Last August I went to #EdCampWestTexas in Abilene, Texas. An EdCamp, if you haven't been to one, is an unconference -- a free gathering of educators serving the K-12 space. I learned so much about educational technology and learning/teaching strategies in a few hours. The downside was I had to drive around 500 miles round trip to make it happen.

Show Your Work is like a bunch of EdCamps crammed into a paperback book. I actually have both versions: the paperback edition and the Kindle edition. The paperback looks and feels like a softbound coffee table book. It's colorful and looks beautiful. The pleasure comes from opening it and browsing until something catches my eye.

I have to admit that it took me a while, several weeks in fact, to go through the book. This isn't because it's difficult to read. It's not. It's because, for me, the best way to use Show Your Work is like a cookbook. When, in the course of my instructional design or project management work, I need to a fresh perspective on how to approach something -- ideation basically, I browse the book. The watershed #aha moment came when I got to the part about how to make an RSA-like video. You know, it's the video technique where you see a hand holding a pen rapidly sketching whilst a normally-timed narrative guides you. It's on page 66. Teacher Paul Bogush and his students showed me how it's done. It was easy to do. I've made a couple since and even improved on their process so it better fits my workflow.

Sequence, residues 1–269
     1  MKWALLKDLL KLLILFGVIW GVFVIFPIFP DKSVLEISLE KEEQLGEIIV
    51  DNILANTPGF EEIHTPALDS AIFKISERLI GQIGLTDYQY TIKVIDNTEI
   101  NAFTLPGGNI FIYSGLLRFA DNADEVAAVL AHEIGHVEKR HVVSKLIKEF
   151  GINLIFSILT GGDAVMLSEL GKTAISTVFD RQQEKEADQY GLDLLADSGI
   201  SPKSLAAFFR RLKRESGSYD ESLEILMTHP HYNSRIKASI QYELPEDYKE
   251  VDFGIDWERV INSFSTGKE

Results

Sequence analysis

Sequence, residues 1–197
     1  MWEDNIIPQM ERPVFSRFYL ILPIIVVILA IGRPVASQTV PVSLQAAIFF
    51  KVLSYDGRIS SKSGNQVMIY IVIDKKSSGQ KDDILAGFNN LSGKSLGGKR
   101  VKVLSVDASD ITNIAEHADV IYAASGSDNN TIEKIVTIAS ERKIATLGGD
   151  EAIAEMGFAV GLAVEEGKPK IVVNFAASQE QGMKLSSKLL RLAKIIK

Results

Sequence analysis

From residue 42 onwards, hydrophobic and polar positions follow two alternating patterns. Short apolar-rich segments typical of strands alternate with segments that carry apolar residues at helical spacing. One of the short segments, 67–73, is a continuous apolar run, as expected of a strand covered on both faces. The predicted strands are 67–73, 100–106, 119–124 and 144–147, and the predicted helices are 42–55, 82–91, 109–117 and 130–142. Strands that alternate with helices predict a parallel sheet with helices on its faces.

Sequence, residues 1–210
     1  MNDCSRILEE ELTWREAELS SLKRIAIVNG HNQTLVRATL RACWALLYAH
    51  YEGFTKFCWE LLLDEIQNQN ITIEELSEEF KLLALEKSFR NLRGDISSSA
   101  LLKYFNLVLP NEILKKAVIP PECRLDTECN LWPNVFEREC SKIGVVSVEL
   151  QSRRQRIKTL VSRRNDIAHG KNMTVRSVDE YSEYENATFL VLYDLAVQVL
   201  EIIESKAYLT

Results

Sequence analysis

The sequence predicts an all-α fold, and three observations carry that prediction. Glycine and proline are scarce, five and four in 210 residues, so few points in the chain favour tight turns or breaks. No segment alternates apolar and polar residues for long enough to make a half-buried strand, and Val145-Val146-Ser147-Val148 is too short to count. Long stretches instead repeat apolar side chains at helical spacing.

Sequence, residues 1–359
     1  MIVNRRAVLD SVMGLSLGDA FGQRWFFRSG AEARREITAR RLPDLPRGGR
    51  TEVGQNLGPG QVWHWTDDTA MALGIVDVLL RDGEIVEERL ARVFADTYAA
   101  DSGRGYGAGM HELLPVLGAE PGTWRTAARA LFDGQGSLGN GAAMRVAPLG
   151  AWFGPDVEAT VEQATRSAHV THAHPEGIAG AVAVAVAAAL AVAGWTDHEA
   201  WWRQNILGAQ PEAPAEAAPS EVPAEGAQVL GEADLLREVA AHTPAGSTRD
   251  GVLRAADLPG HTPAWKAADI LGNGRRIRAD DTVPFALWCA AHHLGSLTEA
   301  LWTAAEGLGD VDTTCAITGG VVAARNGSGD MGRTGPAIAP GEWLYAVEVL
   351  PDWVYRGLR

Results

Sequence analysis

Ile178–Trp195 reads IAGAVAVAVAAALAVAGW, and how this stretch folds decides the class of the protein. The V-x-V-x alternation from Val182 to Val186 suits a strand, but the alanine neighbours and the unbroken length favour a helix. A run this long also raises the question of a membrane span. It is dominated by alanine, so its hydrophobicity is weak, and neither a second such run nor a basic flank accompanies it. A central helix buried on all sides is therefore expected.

Why'd I get the Kindle version when I have the paperbound version? Because the Kindle version fits better on my iPad. It's instantly available when I need inspiration.

You really need Show Your Work. It's given me fresh ideas on doing stuff. I'll still go to EdCamps. But the difference will be that I have more to share thanks to having read and used the book.

@urbie
2 internautes sur 2 ont trouvé ce commentaire utile 
5.0 étoiles sur 5 It's time to show (and share!) your work, and this is the book to help you do that. 20 mai 2014
Par Jeni Dye - Publié sur Amazon.com
Format:Format Kindle|Achat vérifié
Do you work? Do you ever talk about your work? If so, then you should be showing your work, and sharing the wealth of knowledge that you (and all of us) tend to hoard.

When I started to read Show Your Work, I wondered how I, as a virtual worker and a leader of a virtual team, could benefit from implementing these types of techniques. To me, ‘showing your work’ implied showing mathematical formulas on a graded exam. Or going to the front of the class to show how I came up with the answer.